Minor technical nit: Wood dates to the year when it *grew*, not
necessarily the year it was cut. Trees grow a new ring each year.
The previous years' rings no longer exchange carbon with their
environment, and therefore their carbon "clock" begins counting
when the next ring starts to grow. You can get wood that dates to
hundreds of years in age out of a live tree, if the tree is old
and the wood is taken from the inner rings.
> Chuck -- what answer is made when someone, having been told the
> above, objects that nobody knows how much C-14 the tree had 5730
> years ago, that C-14 levels may have been different then?
Since tree rings date to the year they grew, carbon dating can be
performed on series of tree rings whose age is known independently
(by counting rings backward from the present). The difference
between the age by "counting" and the (uncorrected) carbon-14 age
gives a "correction" which tells the difference in carbon-14 level
of the atmosphere back when the ring was grown.
The evidence suggests that over the past 10,000 years there have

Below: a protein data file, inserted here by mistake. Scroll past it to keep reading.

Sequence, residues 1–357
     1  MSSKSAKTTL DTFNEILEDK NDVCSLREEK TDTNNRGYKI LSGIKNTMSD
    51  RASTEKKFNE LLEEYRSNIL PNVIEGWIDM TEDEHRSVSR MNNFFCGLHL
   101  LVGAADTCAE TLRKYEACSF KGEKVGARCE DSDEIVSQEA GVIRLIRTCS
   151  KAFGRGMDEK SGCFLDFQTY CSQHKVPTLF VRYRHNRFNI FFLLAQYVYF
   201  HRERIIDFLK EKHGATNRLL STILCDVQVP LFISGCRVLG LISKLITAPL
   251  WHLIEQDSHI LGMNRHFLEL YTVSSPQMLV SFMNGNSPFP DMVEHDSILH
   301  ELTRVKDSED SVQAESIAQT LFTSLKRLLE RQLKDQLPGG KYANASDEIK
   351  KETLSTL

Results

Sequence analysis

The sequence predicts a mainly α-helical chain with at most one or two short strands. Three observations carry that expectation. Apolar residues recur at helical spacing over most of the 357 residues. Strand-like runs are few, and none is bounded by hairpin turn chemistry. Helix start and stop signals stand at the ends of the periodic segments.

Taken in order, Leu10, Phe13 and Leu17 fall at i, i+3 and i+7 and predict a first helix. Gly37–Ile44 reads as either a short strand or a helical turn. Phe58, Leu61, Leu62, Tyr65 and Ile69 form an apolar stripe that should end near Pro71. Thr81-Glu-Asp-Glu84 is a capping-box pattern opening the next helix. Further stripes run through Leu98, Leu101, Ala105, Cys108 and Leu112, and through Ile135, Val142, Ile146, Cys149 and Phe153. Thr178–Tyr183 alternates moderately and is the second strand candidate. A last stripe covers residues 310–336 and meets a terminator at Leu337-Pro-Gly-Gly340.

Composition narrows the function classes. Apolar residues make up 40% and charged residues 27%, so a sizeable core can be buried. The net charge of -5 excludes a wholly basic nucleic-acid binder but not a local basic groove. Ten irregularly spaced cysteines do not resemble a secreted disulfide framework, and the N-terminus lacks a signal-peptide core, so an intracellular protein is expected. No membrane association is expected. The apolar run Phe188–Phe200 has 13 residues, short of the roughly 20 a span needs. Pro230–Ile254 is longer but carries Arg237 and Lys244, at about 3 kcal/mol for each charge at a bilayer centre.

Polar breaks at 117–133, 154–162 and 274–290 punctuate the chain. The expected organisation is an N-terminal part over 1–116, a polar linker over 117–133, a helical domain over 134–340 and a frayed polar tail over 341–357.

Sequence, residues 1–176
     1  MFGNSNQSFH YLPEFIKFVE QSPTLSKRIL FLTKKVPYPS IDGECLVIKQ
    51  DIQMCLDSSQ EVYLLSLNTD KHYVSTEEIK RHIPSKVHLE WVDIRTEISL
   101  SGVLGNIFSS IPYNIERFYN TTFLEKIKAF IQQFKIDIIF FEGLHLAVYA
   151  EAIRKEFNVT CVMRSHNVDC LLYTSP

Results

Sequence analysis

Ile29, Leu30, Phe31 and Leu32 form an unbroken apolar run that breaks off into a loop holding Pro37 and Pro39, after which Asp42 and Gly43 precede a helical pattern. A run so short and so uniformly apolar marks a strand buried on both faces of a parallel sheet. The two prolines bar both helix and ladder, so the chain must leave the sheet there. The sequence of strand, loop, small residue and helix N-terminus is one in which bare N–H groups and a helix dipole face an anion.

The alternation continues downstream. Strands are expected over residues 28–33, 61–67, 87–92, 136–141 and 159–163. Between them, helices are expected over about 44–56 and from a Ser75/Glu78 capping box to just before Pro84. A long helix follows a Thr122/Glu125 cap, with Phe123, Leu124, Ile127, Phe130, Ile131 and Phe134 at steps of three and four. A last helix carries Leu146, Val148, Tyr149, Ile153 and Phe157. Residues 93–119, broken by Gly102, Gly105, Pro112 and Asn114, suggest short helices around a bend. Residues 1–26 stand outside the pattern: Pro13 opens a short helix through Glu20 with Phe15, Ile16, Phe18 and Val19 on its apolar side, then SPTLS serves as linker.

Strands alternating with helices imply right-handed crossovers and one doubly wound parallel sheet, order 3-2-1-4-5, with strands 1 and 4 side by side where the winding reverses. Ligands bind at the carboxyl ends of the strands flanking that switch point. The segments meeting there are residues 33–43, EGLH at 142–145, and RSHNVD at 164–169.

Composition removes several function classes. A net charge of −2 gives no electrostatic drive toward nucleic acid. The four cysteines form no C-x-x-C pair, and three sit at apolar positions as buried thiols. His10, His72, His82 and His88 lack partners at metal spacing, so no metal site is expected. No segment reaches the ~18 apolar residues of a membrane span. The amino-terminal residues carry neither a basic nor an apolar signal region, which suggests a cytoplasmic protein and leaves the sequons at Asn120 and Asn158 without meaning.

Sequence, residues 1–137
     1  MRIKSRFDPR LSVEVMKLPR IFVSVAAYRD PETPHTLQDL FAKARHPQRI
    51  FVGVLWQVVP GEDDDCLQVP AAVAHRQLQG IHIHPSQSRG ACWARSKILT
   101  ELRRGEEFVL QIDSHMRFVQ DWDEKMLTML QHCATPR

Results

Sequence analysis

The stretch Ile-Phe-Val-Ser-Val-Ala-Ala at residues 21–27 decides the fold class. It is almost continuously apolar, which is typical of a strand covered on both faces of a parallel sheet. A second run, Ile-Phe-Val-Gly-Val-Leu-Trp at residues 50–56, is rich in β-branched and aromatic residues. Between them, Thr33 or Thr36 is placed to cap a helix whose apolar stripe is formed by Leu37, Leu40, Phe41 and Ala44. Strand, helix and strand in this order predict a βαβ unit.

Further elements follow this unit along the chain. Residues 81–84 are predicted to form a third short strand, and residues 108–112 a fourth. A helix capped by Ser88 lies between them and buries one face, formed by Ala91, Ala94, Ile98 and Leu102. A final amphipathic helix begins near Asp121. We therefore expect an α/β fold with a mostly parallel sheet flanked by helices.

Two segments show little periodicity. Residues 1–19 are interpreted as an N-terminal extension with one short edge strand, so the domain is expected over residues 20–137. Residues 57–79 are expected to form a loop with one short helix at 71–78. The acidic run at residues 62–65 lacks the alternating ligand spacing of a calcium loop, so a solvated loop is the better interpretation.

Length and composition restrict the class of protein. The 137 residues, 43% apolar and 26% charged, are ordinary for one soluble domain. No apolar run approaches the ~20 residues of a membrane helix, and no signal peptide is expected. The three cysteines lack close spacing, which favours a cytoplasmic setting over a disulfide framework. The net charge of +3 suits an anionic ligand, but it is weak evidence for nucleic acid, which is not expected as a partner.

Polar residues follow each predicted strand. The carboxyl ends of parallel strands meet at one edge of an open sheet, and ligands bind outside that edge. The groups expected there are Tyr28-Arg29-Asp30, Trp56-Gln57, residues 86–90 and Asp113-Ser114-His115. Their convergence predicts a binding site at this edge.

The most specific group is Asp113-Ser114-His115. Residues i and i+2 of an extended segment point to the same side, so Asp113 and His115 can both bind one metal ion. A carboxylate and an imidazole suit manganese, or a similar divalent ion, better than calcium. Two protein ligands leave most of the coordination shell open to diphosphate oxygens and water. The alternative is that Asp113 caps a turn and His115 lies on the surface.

been fairly rapid but small fluctuations in C-14 levels (on order
of 1% of present level, taking a small number of decades), as well
as larger longer-term fluctuations (on order of 10% of present
level, taking thousands of years). The latter correlate well with
changes to carbon-14 production rate that would be predicted from
fluctuations in the Earth's magnetic field.
For further information, see:
Dickin, Alan P., 1997. _Radiogenic Isotope Geology_. New York:
Cambridge University Press, ISBN 0-521-59891-5 (paper,
490 pp). Discussion of carbon dating is in Chapter 14;
Figures 14.7 and 14.9 indicate corrections for variations
in atmospheric carbon-14 levels.
-- Chris (email@example.com)